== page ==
How will the world be reshaped by coronavirus? Answers to this question have almost become a genre unto themselves. Such speculation – even if it is just speculation – can be valuable, and not just insofar as it helps us to grapple with the particular threat facing us. Moments of unexpected shock like this one, … Continue reading Coronavirus and the spectre of the closed network
I’ve been overseas for a few weeks, so I missed the election results coming in on December 12th, and most of the ensuing media frenzy. Based on the odd headline I did see, it seemed as though the British political system had just been administered an enormous quantity of laxative; though whether Boris Johnson’s breaking … Continue reading The end of extraordinary politics?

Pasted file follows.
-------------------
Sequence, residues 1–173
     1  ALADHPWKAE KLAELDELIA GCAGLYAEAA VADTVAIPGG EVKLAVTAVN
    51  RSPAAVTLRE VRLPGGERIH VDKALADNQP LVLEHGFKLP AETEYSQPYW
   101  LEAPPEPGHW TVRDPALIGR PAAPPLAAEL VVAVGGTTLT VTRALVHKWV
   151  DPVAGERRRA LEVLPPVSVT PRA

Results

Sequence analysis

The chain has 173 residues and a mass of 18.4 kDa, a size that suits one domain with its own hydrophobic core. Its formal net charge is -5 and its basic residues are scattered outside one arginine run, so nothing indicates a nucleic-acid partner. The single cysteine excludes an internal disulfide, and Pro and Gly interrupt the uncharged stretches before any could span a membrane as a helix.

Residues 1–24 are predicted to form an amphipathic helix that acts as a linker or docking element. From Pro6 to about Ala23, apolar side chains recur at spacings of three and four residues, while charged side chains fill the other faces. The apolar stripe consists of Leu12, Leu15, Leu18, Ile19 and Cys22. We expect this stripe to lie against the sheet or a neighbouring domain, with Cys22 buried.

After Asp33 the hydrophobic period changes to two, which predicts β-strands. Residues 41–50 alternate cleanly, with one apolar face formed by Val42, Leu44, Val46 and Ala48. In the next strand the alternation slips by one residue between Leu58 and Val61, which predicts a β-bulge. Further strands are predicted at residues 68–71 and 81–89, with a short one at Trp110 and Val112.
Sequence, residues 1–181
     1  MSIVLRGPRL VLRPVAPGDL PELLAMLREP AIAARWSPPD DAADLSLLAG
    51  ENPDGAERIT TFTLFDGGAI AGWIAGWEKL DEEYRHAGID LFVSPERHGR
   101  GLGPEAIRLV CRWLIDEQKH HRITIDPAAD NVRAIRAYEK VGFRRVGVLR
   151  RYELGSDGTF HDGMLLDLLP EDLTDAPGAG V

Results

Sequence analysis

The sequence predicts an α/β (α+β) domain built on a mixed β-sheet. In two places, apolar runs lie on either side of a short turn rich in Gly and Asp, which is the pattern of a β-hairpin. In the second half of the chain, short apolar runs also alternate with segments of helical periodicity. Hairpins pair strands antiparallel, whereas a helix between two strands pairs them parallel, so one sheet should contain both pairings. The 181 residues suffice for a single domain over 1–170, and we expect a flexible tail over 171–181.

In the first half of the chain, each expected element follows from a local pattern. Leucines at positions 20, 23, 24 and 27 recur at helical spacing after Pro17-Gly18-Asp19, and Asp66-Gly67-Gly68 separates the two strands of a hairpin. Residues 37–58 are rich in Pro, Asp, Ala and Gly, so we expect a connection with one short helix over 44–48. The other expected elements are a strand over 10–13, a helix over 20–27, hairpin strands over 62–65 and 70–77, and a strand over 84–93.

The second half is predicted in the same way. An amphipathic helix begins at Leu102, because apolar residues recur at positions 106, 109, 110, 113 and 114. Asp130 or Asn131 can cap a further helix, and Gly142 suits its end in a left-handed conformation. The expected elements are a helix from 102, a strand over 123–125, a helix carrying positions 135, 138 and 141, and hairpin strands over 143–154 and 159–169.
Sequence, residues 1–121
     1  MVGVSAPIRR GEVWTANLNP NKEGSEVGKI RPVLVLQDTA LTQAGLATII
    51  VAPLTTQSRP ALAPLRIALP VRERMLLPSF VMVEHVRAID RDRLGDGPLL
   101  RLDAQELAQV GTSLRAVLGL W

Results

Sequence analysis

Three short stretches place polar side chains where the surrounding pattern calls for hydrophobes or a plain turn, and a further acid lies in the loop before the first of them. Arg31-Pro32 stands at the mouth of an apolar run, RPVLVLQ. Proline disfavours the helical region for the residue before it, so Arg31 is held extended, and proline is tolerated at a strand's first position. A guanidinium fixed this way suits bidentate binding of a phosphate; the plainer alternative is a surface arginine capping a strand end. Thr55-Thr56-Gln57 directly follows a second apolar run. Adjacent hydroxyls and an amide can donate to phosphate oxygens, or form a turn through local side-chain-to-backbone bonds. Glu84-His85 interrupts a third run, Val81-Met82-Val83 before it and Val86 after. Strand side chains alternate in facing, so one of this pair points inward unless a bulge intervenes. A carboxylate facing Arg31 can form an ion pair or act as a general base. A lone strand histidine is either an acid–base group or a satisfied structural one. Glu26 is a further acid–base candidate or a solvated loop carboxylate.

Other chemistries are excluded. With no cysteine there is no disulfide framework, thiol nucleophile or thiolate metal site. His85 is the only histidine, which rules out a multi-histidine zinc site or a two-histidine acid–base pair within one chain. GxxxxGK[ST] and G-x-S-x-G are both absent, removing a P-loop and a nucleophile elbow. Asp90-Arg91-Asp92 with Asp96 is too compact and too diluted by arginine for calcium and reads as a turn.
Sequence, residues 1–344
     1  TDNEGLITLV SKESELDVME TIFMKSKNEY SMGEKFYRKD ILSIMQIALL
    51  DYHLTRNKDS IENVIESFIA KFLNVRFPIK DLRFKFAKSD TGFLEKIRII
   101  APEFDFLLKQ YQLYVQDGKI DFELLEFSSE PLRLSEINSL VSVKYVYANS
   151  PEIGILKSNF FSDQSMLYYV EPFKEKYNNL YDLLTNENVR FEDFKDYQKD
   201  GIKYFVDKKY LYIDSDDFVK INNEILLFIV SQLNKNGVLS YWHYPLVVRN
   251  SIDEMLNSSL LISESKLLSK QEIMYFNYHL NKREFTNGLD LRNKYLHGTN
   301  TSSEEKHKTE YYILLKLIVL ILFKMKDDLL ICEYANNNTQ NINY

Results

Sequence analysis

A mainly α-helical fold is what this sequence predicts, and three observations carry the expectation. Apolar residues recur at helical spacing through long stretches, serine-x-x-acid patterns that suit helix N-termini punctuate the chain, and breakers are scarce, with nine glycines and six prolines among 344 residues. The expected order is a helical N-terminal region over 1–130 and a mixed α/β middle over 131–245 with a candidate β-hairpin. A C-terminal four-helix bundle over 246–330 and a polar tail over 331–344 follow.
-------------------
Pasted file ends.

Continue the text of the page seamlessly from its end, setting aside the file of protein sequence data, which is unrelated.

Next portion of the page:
The play opens with two sisters, Antigone and Ismene, arguing about their duties to family versus those to the state. Their two brothers have just killed each other while leading opposing sides of a civil war in Thebes. Their uncle Creon has now taken charge of the city, and has decreed that one of the … Continue reading Reading Antigone in an age of resistance
This article was first published by MutualArt on 4 April 2019 It has often been said that Dorothea Tanning had two careers in her exceptionally long life: first as a visual artist, then as a writer. At the current Tate Modern exhibition of Tanning’s paintings and sculptures, you can read her statement that it was … Continue reading The Forgotten Books of Dorothea Tanning